Welcome to Shifting Gears on Juvenile Justice—a collection of framing research, recommendations, and sample communications.
This toolkit is designed to help reformers and advocates in the juvenile justice field increase public understanding of:
- the science of adolescent development and the need to incorporate a developmental perspective into criminal justice policies designed for youth;
- why the current approaches to juvenile crime aren’t working;
- age-appropriate treatments and interventions that improve outcomes for those already in the system and preventive programs that divert more youth away from juvenile detention and towards programs that better serve their needs.
This toolkit, sponsored by the Annie E. Casey Foundation, models how to frame the juvenile justice system and related issues as important policy fields and matters of public concern. The toolkit demonstrates how to apply the FrameWorks Institute’s evidence-based recommendations for communicating with average Americans about these issues in ways that build public understanding and support. The kit’s materials include:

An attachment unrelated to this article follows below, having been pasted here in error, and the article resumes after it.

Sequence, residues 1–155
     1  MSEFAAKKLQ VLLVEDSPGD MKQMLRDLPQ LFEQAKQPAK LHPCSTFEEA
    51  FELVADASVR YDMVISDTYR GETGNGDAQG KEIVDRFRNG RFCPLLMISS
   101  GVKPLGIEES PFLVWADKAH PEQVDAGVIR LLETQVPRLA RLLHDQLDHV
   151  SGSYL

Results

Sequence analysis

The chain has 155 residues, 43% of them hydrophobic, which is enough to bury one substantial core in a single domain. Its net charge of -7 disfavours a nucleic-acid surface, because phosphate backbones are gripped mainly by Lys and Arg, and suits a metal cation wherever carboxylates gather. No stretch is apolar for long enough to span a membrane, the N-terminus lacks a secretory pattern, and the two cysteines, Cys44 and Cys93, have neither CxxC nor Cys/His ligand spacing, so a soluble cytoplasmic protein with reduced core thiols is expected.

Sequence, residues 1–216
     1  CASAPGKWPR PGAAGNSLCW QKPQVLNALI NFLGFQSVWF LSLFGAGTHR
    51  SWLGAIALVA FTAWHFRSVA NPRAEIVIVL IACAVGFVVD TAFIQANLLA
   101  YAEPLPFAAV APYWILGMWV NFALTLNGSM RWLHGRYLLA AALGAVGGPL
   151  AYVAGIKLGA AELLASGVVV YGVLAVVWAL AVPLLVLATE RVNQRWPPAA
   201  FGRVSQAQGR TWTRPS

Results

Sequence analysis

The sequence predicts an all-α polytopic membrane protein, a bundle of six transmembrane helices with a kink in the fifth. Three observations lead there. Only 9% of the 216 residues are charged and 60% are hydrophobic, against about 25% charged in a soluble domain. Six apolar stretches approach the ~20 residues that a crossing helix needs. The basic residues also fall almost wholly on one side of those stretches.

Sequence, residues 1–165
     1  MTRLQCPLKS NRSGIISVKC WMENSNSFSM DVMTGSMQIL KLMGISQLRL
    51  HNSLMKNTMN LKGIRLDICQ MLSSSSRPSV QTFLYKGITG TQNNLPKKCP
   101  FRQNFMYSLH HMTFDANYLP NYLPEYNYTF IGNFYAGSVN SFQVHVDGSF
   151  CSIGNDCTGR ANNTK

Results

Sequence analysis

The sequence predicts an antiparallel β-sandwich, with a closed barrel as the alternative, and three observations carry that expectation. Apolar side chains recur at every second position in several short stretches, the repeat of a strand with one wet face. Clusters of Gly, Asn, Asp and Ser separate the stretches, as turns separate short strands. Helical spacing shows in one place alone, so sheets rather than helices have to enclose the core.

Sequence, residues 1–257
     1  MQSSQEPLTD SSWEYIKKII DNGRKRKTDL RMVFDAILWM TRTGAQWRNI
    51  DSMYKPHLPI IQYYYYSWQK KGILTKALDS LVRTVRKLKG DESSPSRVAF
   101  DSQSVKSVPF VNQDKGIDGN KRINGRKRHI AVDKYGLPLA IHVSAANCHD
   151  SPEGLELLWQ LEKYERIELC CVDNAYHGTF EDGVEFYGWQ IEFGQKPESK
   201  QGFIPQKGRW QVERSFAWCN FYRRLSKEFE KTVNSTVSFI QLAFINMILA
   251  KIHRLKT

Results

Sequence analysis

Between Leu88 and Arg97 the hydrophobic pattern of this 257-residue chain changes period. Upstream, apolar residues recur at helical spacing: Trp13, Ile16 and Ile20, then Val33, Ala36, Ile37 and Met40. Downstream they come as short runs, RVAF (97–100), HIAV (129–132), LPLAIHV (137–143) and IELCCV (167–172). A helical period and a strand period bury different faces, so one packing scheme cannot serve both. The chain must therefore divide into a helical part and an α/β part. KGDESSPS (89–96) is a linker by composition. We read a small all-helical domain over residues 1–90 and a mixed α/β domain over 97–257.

- sample “ready to go” communications that can be used as is or adapted and repurposed for your organization’s needs;
- communications examples that demonstrate the “do’s and don’ts” of the framing recommendations;
- graphics that model the key concepts of the recommendations;
- annotations that explain the framing strategies being illustrated.
For 15 years, FrameWorks Institute research has demonstrated that effective communications can help activate the public’s engagement with complex social issues—such as the approaches to youth crime issues that will reduce the number of youth who enter the system and to improve outcomes for those who do. This toolkit is based on the findings of fifteen years of multi-method social science research on child and youth development that queried the thinking of more than 80,000 Americans and three years of research on criminal justice and public safety that queried more than 10,000 Americans; the research included expert interviews, literature reviews, peer discourse sessions, on-the-street interviews, large-scale surveys and usability trials. For more on the evidence base that informs the recommendations in this toolkit, visit our website.
The Big Picture
New to framing? These materials offer a succinct overview.
Anticipate Public Thinking
Public thinking is like a swamp—and it can be hard to get your messages through. With a map, you can navigate it.
Key Framing Guides
Useful guides to keep communicators on frame.
These materials model how to apply the tested frame elements to your social media communications. Use them as templates or as ready-to-go pieces. They can be adapted to local contexts (by adding, for example, program-specific information) or restructured for a variety of media (for instance, by repurposing the sample blog post as talking points or an op-ed).